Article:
I do not believe in “Green.” Green is a color, not a belief system. Green marketing perpetuates the idea that green is something.
In the LEED and BPI classes that I teach, this is one of the first things that I tell students. My students always express looks of utter confusion, and someone usually asks, “But you’re a green training company. How can it be that you don’t believe in going green?” ?
At that point, I go on to explain that I believe in sustainability and common efforts to minimize our environmental impact. Now you might ask, “Isn’t that being ‘Green’?” ?
Unfortunately, it is not.?“Green” has been co-opted and corrupted by marketing hype and fluff.?In fact, I’ve been calling BP out for years with their “Go Green” marketing efforts that just provide cover for the non-environmentally friendly parts of their business. In fact, a top-selling t-shirt from?Despair Inc.’s?lampoons BP with this phrase: “BP: Bringing Oil to American Shores.”
I’m pretty sure that I have seen Green Chlorox, Green Gasoline, and just about every form of Green Product labeling imaginable. There is very little consensus about what qualifies as “Green,” so what exactly does it mean when a company advertises a “Green” product? Did they just package a toxic product in recycled cardboard, or is the product truly made from recycled content, with no toxic chemicals, and is bio-degradable or recyclable at the end of its life? It can be difficult for your average consumer to dissect green marketing initiatives to know what’s real and what’s not. This is why product and materials transparency is so important.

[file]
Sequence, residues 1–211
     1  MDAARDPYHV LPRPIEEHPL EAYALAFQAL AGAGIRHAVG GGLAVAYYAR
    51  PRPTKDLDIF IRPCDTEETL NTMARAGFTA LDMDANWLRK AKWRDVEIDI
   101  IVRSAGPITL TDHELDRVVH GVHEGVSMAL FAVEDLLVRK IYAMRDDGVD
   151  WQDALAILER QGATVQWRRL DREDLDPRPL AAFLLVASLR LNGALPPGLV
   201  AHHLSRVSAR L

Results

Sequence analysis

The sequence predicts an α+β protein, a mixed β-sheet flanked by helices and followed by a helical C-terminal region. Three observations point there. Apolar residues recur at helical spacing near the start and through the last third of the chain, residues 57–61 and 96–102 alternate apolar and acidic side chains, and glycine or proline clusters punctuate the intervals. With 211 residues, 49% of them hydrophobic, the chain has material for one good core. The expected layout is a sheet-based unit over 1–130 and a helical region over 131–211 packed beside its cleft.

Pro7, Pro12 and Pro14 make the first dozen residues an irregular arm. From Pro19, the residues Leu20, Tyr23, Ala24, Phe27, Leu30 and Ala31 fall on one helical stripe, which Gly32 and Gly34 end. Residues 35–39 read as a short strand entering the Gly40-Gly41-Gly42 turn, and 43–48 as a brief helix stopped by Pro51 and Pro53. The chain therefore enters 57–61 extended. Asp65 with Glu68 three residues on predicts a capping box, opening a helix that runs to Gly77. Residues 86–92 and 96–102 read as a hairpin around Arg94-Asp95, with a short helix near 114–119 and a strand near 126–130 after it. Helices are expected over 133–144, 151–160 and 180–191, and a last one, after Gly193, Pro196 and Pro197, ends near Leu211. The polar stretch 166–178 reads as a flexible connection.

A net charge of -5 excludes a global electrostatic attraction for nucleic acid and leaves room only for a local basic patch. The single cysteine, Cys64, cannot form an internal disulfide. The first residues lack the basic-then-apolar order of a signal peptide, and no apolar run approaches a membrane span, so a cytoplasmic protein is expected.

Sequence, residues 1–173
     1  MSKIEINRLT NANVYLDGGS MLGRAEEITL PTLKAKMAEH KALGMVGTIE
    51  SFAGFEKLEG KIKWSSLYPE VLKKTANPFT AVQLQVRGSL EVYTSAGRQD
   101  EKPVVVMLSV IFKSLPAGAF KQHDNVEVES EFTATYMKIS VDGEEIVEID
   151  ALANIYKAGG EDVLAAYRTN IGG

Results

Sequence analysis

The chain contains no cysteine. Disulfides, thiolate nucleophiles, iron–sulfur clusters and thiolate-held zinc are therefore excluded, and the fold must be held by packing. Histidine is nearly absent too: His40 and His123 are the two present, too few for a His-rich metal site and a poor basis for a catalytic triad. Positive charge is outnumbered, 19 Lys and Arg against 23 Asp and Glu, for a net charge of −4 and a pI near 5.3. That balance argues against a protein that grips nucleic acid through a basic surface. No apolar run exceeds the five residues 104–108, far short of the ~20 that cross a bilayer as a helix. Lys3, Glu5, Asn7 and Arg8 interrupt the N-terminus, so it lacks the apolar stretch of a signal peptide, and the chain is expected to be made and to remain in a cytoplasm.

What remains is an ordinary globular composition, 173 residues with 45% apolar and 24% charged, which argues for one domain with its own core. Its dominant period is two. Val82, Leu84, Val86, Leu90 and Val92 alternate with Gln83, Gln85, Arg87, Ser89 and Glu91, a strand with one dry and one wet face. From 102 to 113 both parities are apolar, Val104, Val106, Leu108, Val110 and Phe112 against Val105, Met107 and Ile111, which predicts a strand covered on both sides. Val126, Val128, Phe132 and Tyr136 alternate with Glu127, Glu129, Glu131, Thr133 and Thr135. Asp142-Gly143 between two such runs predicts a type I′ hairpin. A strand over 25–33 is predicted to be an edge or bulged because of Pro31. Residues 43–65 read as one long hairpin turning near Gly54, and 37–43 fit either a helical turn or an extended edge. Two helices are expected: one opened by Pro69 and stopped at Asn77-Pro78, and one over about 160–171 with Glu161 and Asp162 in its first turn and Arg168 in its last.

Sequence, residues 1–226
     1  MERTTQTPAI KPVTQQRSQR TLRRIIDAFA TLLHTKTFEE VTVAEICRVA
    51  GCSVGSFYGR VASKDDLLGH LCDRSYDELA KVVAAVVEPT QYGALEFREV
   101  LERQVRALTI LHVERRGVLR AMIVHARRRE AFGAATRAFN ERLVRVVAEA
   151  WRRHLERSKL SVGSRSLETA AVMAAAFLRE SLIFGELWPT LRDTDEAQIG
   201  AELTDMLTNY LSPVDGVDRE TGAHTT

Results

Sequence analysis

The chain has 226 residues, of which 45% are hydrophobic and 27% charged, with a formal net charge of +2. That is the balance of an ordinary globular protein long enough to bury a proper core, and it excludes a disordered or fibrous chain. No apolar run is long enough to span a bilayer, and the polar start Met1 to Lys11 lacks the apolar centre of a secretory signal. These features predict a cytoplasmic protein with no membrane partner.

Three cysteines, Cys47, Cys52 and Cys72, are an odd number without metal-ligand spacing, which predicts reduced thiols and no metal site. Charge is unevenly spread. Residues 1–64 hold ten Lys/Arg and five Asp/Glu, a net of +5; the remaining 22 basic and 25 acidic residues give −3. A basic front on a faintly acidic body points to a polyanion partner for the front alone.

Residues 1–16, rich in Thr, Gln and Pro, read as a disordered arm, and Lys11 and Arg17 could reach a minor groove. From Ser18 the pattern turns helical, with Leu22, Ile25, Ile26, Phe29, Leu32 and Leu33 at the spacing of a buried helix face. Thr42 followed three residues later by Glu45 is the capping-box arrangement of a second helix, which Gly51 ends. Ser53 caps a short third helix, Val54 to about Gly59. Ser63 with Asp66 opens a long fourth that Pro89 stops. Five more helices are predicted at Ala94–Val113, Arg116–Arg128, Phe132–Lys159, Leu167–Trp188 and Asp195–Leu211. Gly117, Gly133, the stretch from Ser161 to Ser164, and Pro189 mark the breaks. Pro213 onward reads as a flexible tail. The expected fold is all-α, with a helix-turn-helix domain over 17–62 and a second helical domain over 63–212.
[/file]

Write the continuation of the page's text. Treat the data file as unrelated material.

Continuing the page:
At the end of the day, green is just a color (it’s not even a verb, although some people try to use it as one). At least BP has green in their logo!